We recently had the pleasure of being invited to speak at a middle school career day.  Speaking with these ambitious and inquisitive kids really made us reflect upon how we got where we are today.  Clearly, a natural result of being interrogated by enthusiastic young people.  Here are some lessons that we have learned throughout our careers as creative people and entrepreneurs. 

1.  Follow your intuition.  It will reveal your purpose.

Believe it or not, David and I did not arrive in this world with the knowledge that we wanted to be when we grew up.  Honestly, most people don't.  We both arrived at photography from very different trajectories, with different motivations. 

David always recounts his decision to pursue photography as being two-fold:

Part One: His mother, in her ever-present wisdom, gave him an ultimatum.  He had to go to college or move out.

Part Two: If he HAD to go to school, he was going to pick something that wouldn't need require a four-year degree and not be "too hard".  

Strategic, right?  Little did he know that he would latch onto photography as a career, and love it as a medium of expression.

I always wanted to express myself in some way, but it took me some time to figure out what would work best for me.  I have always had a creative mind and considered myself an artist.  However, I was somewhat discouraged from pursuing art as a career, so I ended up attending a four-year university to become a sociologist.  I never abandoned artful expression, and was always looking for new elements to introduce into my work. 

After I got my bachelor's degree, I started working at a photography studio to learn how to work a camera.  I never thought that I would love it so much as its own medium.  It all clicked.  Expressing my vision through a camera came so easily to me that I knew that I had to go for it.  Fast forward to the present - I do not regret forgoing graduate school to become a photographer.  It fulfills and challenges me in ways that nothing else can.

2. Trust the process.

I don't know about you, but when I get excited about something, I start to obsess a bit.  I immerse myself in information, my research-oriented brain running wild.  I try to become an expert as quickly as I can.  Enthusiasm is a trait that cannot be taught - and it can serve you well in pursuing your goals.  With that being said, patience is a virtue.  Let's talk.

It is very easy to pick up a (insert tool of trade here) and instantly declare yourself a (insert profession here).  Honestly, is it really that easy?  Thinking that any creative skill is simple to attain is insulting.  Proficiency comes with time, practice, and commitment to the craft - and that requires PATIENCE.  Don't expect to be as good as someone who has been doing it longer than you, and don't expect that someday you will know everything you need to know.  Trust in the process of learning the ins and outs of a profession before your start calling yourself a professional.  If you try to fast forward through the learning curve, you are going to miss the tools that build into longevity.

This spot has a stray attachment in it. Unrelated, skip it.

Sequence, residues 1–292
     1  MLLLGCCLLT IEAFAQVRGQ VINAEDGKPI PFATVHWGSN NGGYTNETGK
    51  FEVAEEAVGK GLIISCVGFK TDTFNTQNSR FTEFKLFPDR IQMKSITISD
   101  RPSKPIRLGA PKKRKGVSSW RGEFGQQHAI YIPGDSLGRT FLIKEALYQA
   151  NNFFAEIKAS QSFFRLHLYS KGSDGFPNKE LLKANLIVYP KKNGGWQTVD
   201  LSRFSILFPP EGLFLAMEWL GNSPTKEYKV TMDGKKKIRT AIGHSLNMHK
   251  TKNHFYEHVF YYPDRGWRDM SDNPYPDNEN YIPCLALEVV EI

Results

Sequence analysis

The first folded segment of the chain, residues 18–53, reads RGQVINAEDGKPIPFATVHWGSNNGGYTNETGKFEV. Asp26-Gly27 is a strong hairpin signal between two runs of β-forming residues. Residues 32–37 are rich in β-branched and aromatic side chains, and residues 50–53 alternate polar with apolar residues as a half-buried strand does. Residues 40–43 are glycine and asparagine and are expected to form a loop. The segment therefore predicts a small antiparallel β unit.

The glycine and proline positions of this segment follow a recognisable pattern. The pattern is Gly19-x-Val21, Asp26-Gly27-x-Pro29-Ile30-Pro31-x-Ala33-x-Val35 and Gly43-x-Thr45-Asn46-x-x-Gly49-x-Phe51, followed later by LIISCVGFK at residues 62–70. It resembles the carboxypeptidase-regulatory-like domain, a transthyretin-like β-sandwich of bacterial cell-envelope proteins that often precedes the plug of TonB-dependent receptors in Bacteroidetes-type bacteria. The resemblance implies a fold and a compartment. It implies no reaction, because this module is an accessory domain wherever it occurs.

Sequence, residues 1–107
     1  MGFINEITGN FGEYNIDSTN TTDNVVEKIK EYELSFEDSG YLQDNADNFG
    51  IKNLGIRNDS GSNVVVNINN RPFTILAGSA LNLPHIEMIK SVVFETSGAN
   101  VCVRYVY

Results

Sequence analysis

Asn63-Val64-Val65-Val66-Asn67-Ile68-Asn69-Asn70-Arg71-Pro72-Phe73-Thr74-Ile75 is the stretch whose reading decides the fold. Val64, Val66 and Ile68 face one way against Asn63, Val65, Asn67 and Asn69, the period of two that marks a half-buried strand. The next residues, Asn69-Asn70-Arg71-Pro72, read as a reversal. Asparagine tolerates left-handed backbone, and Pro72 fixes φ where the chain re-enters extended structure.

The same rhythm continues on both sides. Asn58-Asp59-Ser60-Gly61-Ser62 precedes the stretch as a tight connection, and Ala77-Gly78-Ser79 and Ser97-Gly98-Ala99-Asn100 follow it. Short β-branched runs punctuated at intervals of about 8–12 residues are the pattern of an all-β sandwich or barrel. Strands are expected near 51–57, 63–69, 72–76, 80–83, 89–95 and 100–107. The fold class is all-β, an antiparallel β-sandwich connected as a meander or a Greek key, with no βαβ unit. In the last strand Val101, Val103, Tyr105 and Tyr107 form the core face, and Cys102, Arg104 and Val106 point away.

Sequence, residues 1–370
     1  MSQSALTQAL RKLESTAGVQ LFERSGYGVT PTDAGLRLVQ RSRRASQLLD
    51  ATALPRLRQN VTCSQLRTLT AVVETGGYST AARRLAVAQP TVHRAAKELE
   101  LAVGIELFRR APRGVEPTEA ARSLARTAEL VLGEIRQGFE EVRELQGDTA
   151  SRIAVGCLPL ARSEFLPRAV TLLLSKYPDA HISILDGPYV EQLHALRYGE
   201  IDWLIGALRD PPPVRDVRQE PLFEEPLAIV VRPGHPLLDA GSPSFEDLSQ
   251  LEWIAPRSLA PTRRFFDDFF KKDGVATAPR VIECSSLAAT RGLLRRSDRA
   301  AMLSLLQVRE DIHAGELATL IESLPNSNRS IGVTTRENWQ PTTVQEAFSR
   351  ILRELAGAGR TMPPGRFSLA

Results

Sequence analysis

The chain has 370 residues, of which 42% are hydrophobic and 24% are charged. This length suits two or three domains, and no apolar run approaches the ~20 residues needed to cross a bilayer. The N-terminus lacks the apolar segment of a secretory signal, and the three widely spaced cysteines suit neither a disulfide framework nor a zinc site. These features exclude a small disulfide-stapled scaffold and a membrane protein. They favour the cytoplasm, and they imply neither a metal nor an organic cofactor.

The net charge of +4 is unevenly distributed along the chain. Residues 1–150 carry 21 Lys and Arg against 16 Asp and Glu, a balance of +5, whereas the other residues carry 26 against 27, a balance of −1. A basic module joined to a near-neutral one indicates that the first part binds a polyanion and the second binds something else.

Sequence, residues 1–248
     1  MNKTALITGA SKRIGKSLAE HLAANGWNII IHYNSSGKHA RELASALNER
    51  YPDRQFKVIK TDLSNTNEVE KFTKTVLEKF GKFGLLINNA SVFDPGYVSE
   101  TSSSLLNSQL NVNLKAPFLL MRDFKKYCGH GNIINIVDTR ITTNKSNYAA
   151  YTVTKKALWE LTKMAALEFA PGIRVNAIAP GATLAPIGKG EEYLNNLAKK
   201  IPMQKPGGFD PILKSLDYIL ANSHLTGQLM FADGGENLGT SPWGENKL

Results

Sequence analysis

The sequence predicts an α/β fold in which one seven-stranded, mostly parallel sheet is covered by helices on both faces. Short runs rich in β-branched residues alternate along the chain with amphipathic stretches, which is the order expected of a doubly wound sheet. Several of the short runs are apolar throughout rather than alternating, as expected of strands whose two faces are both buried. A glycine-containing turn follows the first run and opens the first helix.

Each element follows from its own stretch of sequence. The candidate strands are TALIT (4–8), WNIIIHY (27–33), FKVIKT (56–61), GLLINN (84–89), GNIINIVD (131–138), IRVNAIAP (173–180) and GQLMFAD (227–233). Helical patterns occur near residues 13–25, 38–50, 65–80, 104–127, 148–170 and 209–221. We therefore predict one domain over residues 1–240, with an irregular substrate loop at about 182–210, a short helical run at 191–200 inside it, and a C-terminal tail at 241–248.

3. Comparison leads to anxiety.  Anxiety leads to self-loathing. Self-loathing is the killer of creativity - and self-esteem. (Read this in Yoda's voice for best results)

I believe in inspiration.  All artists have that something that lights a spark, urging them to create.  Inspiration can come from anywhere.  For example: Lately, I have been inspired by some hip-hop and rap videos - not the most traditional source of inspiration for a portrait photographer.  I also think that you can gain a lot from relationships with other artists - ideas, support, new perspective.  However, if you are not mindful in your creative journey, you can fall into a trap: the spiral of comparison and self-loathing.

Every artist is different.  Please accept this.  It is a hard thing to grasp onto, especially when you are young in your creative life.  You see amazing work from someone on social media, a website, in someone's house, in a gallery.  You think to yourself, "So and So is really amazing.  Look at how they conceptualized that piece.  They know how to do so many things.  Look at all the attention they are getting.  I am not getting any of that attention.  It's been a struggle for me to create the piece that I see in my head.  People aren't responding to my work they way that I thought they would.  I suck."  The spiral. 

The comparison spiral is guaranteed to rob you of the energy you need to create something meaningful.  You just dig yourself deeper into a place where no real growth can occur.  If you admire someone's art, celebrate their success and learn from them.  Artists want to see other artists succeed. Trust me on this.  No one wants their craft to die.  Speaking personally, we enjoy working with photographers that are early in their development.  We love showing them new skills, giving them encouragement, helping them move forward.  In turn, we are rejuvenated by their fresh approaches and raw creativity.  Community.

4. Stay in your lane.

There was a moment in my creative life where I carried a lot of uncertainty and self-doubt.  We were in the early stages of our company, just taking every freelance job we could find, hustling so hard to pay our bills, dedicated to this idea that we could make a living doing this thing that we love.  I was riddled with questions and anxiety.  I felt like I was being pulled in so many directions and not giving anything 100%.  Even after our company gained a solid footing, I had this sinking rock in my stomach, dread that we would be back at that place if I made the slightest mistake.  I needed to get real.

It was at that point where I discovered Sue Bryce.  I watched a video on YouTube from her series on creating a portrait photography business, and I was mesmerized.  I was struck by her honesty, her notorious accent, her confidence.  She explained that she used to torture herself with what others were doing and how it sucked the life right out of her.  I had never heard it explained that way before and it just clicked.  Why expend energy obsessing over what another photographer may be doing when you can spend that energy on your own gig?  A total epiphany for me.